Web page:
Protection Watch with Kevin Carr


Verdict: Down, but not out

1. Falling down

As many experts predicted protection sales fell sharply in 2013. According to Swiss Re Income Protection sales declined by 24% and fell below 100,000 new policies for the first time in a decade. Critical illness sales declined by 21% while sales of term assurance fell by 17%. The reasons for the drop in sales are largely attributed to price rises which occurred at the end of 2012, primarily caused by the Gender directive, which reduced much of the switching and re-broking of protection policies to save money as rates for many people have since become more expensive.

VERDICT: Down, but not out

2. e-Smoke gets in your eyes

The use of electronic cigarettes among adults in Britain has tripled over the past two years from an estimated 700,000 users in 2012 to 2.1 million in 2014. Nearly two-thirds of users are smokers and one third are ex-smokers, the research from the charity Action on Smoking and Health (ASH) found. From a protection underwriting perspective, anything that contains nicotine is classed as smoking.

VERDICT: Promising lead

3. Moving on up

The Group Risk market was up almost 6% (5.9%) last year in terms of premium income, according to Swiss Re’s Group Watch 2014. Premium income was again up across all three benefit types—life cover, income protection and critical illness cover—with death benefit premiums up 8.9% and in-force sums insured up 6.0%, GIP benefits up 15.1% and GCI ben-efits up 13%.

VERDICT: Promising lead

4. Big mistake

According to Aviva half of UK adults are classified as either overweight (31%) or obese (19%) yet many believe they are in very good or excellent health. The report also found the effect unhealthy levels of BMI were having on happiness and self-esteem, with mental health issues such as depression more prevalent among overweight individuals. Almost two in 10 (17%) obese adults sought help for a mental health condition from their GP in the last year, compared with an average of 13%, while just a few of those that were obese (12%) sought help for managing their weight.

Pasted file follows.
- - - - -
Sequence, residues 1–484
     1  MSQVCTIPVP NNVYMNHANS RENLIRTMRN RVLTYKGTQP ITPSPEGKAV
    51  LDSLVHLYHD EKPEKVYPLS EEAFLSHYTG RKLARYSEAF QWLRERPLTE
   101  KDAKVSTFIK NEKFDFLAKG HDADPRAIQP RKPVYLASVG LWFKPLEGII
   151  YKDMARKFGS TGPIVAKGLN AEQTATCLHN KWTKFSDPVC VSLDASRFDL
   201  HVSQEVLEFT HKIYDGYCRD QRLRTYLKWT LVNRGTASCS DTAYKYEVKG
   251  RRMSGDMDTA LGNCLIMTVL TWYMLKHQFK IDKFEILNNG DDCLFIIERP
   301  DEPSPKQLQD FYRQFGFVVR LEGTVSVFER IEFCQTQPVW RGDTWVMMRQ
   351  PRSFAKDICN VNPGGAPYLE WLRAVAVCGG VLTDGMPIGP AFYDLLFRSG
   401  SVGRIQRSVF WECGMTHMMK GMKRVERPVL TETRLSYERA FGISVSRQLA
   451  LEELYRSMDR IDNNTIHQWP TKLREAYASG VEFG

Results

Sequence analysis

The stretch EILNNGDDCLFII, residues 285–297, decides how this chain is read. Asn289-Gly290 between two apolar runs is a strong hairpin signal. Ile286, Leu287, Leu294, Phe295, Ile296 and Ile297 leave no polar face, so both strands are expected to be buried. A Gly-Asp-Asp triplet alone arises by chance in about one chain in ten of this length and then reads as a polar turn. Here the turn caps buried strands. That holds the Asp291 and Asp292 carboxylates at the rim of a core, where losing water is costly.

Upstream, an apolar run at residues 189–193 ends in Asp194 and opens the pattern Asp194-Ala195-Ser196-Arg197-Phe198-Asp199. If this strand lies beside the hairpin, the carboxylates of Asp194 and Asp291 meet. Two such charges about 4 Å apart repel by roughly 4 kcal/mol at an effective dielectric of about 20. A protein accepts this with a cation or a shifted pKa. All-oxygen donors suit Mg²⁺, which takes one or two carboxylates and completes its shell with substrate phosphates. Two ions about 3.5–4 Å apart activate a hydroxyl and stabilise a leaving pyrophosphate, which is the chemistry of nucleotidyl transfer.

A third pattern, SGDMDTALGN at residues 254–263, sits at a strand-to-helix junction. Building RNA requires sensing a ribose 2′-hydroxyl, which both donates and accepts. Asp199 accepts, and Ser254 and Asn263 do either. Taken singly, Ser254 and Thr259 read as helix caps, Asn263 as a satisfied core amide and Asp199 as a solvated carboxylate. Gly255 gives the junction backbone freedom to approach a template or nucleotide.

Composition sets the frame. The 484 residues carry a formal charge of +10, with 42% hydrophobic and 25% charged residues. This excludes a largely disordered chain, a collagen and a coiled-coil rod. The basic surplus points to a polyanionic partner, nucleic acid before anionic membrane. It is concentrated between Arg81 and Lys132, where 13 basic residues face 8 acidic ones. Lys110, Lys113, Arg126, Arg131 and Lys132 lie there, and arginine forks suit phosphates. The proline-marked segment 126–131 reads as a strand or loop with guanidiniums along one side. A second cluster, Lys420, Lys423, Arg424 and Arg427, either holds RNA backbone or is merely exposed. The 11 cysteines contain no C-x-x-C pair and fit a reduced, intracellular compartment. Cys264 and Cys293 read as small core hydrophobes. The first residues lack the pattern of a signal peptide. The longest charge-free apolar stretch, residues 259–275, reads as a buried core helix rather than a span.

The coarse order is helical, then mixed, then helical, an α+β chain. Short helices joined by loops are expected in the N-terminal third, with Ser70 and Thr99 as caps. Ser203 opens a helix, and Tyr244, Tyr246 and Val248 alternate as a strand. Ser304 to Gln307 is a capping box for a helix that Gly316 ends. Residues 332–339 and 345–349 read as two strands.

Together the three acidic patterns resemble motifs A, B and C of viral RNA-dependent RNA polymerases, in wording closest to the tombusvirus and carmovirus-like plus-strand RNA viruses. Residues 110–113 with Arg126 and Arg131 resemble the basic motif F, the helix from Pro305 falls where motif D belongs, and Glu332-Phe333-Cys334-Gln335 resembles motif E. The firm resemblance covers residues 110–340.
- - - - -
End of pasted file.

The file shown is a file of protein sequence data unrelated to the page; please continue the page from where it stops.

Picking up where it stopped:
VERDICT: Back to the lab

5. Cancer survival periods increase

Half of people diagnosed with cancer today will survive their disease for at least 10 years, according to figures published by Cancer Research UK. The analysis of over 7m cancer patients diagnosed in England and Wales since the 1970s found that 40 years ago just a quarter of people diagnosed with cancer survived 10 years. Women with breast cancer now have a 78% chance of surviving at least a decade, compared to only 40% in the early 1970s.

VERDICT: Promising lead

This article first appeared in Professional Adviser magazine